Swallowing the culture

Swallowing the culture

Everybody’s talking about Joseph Bottum’s October First Things article called “When the Swallows Come Back to Capistrano: Catholic Culture in America.” In it, Bottum looks at the complete cultural collapse of the Church in America following the Second Vatican Council.

Both Amy Welborn and Rod Dreher, among others, have written about it. I have only just got around to reading the whole thing, so I’ll just jump in with some quick comments.

On the whole, I think the article is a good digest of the history of the upheaval in the Church in the US since 1960… and yet I don’t know that it’s a good diagnosis of the problem. First, I have to say that much of it is news to me. The problem with having been born in 1968 is that while I’ve lived through much of this time, I wasn’t aware of any of it, and those who are slightly older than me who did live through it don’t bother to talk about it because it’s not history, but memory.

Yet, that’s part of the problem. I don’t think most people who lived through that time, except for so-called professional Catholics of one stripe or another, have any better remembrance of these things. Sure, they may have heard about some of it on the news or read it in the newspaper. But their experience of the Church’s culture does not include doctrinal statements from the 1976 Call to Action conference or Vernica Luecken’s Bayside visions. No, their experiences include dissenting priests, loopy Masses, bad catechesis, and so on.

The loss of Friday abstinence

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  • Carrie, I don’t know what about my take on Bayside you’re disagreeing with. So you knew about it. Did most people? Did it have a discernible impact on their experience of the Church? No.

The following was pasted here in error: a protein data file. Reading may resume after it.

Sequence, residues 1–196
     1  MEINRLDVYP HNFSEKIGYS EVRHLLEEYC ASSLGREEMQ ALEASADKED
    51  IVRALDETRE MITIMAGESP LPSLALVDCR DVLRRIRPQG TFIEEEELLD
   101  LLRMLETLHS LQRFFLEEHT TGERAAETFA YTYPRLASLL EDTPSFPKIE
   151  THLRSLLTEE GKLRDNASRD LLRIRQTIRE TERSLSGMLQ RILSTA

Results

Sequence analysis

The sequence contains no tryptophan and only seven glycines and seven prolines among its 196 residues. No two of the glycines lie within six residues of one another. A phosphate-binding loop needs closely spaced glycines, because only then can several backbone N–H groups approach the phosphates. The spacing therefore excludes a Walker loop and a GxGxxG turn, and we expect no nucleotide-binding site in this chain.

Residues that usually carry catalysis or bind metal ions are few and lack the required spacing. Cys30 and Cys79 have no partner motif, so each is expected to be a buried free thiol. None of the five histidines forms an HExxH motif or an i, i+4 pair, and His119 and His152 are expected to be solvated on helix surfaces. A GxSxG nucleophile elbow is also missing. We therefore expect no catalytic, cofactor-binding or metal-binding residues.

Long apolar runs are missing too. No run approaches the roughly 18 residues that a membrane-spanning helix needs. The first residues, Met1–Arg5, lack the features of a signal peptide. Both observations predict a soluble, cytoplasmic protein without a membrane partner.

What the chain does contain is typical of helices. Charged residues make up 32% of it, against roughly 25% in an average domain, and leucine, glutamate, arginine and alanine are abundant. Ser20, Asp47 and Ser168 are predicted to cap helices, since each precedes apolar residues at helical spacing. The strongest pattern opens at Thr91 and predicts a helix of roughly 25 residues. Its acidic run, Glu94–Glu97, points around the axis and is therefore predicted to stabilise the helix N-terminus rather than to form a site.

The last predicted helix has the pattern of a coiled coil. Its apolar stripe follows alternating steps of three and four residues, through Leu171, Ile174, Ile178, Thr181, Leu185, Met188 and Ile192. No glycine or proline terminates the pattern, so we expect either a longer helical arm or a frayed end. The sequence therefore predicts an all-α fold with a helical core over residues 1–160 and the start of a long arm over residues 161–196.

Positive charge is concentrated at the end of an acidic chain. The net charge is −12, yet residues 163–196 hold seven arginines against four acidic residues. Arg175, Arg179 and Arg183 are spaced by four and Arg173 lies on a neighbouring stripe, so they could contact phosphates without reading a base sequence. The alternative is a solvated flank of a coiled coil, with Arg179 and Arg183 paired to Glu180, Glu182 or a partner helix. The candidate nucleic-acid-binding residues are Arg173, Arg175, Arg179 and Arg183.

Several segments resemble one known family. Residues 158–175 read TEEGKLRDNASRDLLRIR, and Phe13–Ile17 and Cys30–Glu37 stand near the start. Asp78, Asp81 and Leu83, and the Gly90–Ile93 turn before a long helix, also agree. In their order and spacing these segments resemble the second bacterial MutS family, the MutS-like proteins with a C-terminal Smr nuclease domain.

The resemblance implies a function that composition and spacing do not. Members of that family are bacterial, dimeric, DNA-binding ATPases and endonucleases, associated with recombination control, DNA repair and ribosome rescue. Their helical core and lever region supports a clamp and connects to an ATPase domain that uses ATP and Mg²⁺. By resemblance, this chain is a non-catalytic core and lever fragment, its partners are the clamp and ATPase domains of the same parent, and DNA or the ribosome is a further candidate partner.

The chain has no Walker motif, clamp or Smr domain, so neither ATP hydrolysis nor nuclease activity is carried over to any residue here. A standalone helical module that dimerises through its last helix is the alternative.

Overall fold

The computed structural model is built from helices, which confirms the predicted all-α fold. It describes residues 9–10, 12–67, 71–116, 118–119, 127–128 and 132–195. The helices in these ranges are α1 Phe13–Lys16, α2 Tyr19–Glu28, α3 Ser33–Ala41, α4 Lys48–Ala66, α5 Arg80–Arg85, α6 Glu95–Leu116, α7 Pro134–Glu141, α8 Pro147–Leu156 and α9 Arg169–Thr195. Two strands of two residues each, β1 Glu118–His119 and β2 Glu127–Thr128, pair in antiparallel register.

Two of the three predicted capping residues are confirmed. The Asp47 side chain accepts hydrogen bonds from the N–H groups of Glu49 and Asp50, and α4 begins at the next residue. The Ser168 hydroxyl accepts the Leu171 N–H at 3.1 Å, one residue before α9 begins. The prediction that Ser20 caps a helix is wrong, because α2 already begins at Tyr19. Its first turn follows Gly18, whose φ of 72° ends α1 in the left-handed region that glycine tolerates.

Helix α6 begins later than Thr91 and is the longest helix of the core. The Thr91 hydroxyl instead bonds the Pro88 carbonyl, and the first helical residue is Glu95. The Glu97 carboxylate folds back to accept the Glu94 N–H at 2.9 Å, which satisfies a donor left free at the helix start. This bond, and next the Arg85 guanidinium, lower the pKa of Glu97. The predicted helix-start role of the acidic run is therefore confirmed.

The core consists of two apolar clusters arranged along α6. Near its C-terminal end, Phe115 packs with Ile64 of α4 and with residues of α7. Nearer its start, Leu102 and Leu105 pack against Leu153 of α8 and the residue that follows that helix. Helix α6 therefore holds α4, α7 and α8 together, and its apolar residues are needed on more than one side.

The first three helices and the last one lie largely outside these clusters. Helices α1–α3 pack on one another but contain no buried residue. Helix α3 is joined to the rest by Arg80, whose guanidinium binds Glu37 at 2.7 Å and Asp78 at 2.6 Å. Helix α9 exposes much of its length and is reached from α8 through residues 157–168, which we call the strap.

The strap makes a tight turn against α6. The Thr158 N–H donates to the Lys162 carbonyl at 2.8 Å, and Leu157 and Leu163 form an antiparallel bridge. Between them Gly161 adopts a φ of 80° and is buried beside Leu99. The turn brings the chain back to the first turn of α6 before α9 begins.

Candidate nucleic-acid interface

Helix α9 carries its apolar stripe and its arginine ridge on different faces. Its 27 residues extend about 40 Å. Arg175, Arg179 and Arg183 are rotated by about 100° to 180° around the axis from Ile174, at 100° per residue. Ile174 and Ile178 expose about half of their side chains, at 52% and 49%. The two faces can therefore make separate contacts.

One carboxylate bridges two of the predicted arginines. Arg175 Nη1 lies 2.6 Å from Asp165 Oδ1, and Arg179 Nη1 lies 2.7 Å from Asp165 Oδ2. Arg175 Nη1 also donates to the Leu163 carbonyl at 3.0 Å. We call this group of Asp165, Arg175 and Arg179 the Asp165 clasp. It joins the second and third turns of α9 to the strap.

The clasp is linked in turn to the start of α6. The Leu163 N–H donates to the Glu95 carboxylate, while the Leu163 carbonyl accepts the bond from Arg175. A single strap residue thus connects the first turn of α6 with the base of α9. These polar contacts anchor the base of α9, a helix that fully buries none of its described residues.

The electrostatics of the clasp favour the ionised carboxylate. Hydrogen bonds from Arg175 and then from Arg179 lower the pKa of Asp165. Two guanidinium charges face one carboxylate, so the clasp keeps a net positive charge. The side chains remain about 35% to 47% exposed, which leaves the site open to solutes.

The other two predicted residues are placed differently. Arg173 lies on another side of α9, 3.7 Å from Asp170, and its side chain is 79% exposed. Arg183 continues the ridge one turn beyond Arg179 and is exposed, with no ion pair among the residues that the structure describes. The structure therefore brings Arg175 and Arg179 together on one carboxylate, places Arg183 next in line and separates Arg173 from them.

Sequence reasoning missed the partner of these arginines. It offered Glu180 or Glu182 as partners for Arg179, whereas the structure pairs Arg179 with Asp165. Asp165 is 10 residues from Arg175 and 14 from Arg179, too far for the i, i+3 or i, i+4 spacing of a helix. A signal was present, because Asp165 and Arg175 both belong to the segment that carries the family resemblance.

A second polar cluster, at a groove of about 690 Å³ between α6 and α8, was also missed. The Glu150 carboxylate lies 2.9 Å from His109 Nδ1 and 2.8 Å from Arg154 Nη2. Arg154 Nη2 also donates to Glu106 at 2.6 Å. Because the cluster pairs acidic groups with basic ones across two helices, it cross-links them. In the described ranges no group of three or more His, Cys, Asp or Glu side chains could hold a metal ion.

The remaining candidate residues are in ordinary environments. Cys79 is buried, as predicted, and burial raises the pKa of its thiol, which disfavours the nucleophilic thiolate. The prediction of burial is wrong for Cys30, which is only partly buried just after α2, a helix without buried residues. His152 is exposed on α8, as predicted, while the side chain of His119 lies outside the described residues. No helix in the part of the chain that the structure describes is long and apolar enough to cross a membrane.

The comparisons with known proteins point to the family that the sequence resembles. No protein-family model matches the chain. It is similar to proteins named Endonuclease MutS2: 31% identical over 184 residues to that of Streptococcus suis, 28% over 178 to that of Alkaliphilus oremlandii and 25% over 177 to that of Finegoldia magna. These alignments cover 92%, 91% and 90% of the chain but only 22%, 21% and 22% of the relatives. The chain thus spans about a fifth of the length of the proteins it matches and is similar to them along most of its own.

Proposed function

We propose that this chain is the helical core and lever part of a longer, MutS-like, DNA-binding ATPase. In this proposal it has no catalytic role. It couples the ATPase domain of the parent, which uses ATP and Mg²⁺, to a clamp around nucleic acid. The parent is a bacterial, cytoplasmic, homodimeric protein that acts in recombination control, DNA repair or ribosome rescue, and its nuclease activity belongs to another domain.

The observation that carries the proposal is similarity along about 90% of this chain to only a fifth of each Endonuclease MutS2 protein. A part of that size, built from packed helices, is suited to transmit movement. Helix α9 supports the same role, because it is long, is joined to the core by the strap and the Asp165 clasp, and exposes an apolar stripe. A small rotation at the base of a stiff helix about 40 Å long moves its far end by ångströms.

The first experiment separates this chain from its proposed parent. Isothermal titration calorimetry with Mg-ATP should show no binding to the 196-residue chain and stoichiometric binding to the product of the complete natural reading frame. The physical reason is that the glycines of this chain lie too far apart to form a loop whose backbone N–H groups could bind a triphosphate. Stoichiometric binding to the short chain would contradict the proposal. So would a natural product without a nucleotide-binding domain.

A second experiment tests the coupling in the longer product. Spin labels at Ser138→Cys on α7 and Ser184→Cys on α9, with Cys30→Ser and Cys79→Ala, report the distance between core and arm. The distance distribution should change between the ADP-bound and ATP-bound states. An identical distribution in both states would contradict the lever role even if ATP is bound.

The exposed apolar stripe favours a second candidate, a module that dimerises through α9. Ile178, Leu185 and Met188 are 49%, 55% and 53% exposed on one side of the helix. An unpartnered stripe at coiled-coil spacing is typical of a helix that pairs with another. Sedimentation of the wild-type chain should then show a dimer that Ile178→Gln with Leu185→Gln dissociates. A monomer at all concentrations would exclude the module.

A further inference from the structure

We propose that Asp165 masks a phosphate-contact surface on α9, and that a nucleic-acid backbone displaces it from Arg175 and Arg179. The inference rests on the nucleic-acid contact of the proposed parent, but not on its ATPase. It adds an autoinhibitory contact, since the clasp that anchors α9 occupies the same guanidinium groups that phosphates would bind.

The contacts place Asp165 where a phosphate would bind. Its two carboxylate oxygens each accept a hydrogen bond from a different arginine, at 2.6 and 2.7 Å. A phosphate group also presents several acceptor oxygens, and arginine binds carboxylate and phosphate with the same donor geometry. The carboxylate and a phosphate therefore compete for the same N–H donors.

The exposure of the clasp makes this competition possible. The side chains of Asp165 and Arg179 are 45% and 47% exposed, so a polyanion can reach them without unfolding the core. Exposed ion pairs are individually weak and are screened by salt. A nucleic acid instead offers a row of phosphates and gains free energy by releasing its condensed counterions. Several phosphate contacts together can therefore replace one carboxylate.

• The real problem is that Friday abstinence was never abolished – but someone just SAID it was abolished and everyone believed them.

    I was hoping somebody would mention this. Thank you Michaelus.

    It really jars me when somebody pipes up with the myth: “But the Church changed Her mind about Fridays!”

    What a crock. Yet I’m betting most Catholics still believe in this myth.

    Folks. You’re not supposed to eat meat on Fridays! If that’s not enough of a penance for you (I know plenty of people who love seafood and hate meat) then you’re supposed to do some sort of penance…make some out of the ordinary sacrifice, or act of self-denial.

    Actually, the supposed “relaxation” of the abstainence rule, by all that is logical, should have the opposite effect. Refraining from meat is just the beginning. And, as I said, for some this is no penance at all!

    Every Friday is a “Good Friday.” The fact that people don’t realize this is hardly the fault of the Church.

    How do we accurately assess the problem and come up with a cure?

    Step 1: consider the planks in our own eyes?